To assess the remaining candidates, and therefore select the final 2 inductees, it is useful to look at the process. The voters first narrow the list of 15 candidates to 10. They then vote again to narrow the list of 10 candidates to five. The final list of five candidates then requires 80 percent of the vote to gain enshrinement. Of the final 10 candidates in 2011, five gained induction that year, while four gained induction the following year. Only Andre Reed was left out when Chris Doleman was selected over him. In contrast, of the final 10 candidates in 2012, five gained induction that year while only 2 gained induction the following year, as 3 first-year nominees earned the remaining spots. As such, let’s look at the players remaining from the final 10 last year to continue our analysis. Those candidates are Michael Strahan, Charles Haley, Jerome Bettis, Andre Reed, and Aeneas Williams. These five were selected over Tim Brown, Edward DeBartolo, Kevin Greene and Will Shields last year, so it is probable (although not guaranteed) it will occur again. So when the selectors vote to narrow the field from 15 to 10, Brown, Debartolo, Greene, Shields, and Andersen will be eliminated.
As for the remaining five candidates, Reed’s case is hurt by
Harrison, just as in past years
he was hurt by the presence of Cris Carter and Tim Brown. Although Reed
performed better in the postseason, he also had the misfortune of playing in in the winter. Reed
will find his way to Buffalo one day, but not this
Last year, Bettis finally made it beyond the first round of cuts. But he consistently has been eliminated before Reed, Williams, and Haley in previous elections so there is no reason to believe the voters will favor him more this year.
Michael Strahan has been a walking advertisement since his retirement. Despite Hall of Famer Warren Sapp’s outspoken criticism of him, they both have near identical resumes. Super Bowl champ; NFL Defensive Player of the Year; seven-time Pro Bowler; four-time First Team AP All-Pro; two-time Second Team AP All-Pro, and member of the All-Decade Team. Strahan was a defensive end while Sapp was a defensive tackle, but both terrorized quarterbacks. Strahan is criticized for breaking the single-season sack record when Brett Favre fell down in front of him. Sapp is criticized for taking plays off.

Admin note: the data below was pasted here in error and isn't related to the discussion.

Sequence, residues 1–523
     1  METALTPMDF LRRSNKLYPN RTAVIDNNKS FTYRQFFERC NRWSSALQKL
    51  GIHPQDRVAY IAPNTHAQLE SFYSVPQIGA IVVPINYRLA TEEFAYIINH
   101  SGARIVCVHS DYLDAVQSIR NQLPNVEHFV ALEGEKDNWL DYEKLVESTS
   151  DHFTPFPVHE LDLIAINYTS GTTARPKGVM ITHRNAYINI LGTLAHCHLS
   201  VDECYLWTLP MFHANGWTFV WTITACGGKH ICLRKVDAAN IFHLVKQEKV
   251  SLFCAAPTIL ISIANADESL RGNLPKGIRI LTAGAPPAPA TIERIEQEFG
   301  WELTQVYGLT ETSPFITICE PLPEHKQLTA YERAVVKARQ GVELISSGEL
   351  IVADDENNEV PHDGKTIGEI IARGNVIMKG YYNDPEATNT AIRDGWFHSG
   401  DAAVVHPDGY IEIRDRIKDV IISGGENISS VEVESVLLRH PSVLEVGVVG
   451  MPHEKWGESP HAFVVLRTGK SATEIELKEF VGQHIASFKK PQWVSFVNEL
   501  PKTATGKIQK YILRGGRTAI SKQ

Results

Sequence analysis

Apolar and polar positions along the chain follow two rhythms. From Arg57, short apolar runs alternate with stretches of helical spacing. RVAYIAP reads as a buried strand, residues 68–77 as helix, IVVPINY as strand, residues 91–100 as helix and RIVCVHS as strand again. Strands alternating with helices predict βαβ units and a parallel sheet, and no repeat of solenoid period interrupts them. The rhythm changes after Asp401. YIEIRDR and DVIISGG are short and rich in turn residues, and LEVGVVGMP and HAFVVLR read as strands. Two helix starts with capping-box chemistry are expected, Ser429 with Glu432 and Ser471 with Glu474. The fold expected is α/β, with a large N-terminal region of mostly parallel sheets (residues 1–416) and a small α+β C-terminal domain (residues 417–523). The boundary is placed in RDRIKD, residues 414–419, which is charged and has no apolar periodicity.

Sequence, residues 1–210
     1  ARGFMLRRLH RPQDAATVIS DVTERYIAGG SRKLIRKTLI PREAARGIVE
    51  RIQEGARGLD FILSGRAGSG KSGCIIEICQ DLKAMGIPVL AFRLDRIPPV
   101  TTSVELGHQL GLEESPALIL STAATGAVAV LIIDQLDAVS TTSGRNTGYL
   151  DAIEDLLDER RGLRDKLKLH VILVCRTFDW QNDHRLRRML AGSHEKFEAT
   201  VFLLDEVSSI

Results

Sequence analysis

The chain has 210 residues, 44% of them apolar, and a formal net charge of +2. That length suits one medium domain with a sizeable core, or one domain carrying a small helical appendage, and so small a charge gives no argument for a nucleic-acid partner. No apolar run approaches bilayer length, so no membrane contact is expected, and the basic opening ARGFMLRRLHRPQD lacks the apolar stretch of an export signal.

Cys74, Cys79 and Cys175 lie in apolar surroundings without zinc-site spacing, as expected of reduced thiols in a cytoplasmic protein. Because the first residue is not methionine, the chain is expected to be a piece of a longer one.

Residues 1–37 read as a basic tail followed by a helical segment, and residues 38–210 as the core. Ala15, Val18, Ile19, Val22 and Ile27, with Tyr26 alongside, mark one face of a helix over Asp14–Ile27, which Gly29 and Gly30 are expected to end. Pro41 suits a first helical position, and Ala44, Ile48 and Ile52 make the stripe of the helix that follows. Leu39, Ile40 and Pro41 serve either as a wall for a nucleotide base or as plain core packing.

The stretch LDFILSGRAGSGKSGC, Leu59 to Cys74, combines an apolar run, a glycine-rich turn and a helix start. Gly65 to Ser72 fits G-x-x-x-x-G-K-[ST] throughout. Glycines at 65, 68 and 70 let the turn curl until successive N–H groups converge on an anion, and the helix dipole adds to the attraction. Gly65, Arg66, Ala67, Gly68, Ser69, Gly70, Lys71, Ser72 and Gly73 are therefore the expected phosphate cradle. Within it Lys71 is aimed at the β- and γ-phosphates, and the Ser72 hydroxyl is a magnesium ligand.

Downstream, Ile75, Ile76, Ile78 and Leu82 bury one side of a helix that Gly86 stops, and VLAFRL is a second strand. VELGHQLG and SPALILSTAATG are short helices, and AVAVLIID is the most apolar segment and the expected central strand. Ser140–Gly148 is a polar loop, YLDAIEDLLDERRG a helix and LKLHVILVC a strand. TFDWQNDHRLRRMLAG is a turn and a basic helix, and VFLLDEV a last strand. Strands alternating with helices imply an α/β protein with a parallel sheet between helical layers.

Strahan’s candidacy is complicated by the presence of Charles Haley on the ballot. Many times, players from the same position compete for votes, and ultimately cancel each other out. Haley was named to "only" five Pro-Bowl teams and named a First Team AP All-Pro twice. He recorded 100.5 sacks, well behind Strahan's 141.5. But he was a key part of five Super Bowl champions. That carries a lot of weight with the voters. And his Hall of Fame case has been gaining momentum in recent years.
Our final candidate is Aeneas Williams. A three-time First Team AP All-Pro and a two-time Second Team All-Pro, Williams was named to eight Pro Bowls. Stuck with the Cardinals for so many years, Williams intercepted 55 passes in his career and is fifth on the all-time list with 13 non-offensive touchdowns. A great player, Williams is aided by the fact no one will steal his votes. But we believe he falls just short as we predict both Strahan and Haley will join the Class of 2014. If the rules allowed the Hall to select 6 modern-era nominees for induction, Williams would be the 6th name.
That leaves us with a projected Class of 2014 as follows:
2015 features a “weak” class of first-year eligible players, including Kurt Warner, Orlando Pace, Junior Seau, Torry Holt, Isaac Bruce, and Edgerrin James. Although 1 or 2 of these players will gain election, next year will be a great opportunity to free up some of the backlog that has been building in recent years.